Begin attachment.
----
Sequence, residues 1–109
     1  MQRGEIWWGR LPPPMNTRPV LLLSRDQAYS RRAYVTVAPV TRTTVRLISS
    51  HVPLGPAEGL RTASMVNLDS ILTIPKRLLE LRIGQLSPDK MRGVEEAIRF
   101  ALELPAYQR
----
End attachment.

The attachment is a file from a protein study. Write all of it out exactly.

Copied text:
Sequence, residues 1–109
     1  MQRGEIWWGR LPPPMNTRPV LLLSRDQAYS RRAYVTVAPV TRTTVRLISS
    51  HVPLGPAEGL RTASMVNLDS ILTIPKRLLE LRIGQLSPDK MRGVEEAIRF
   101  ALELPAYQR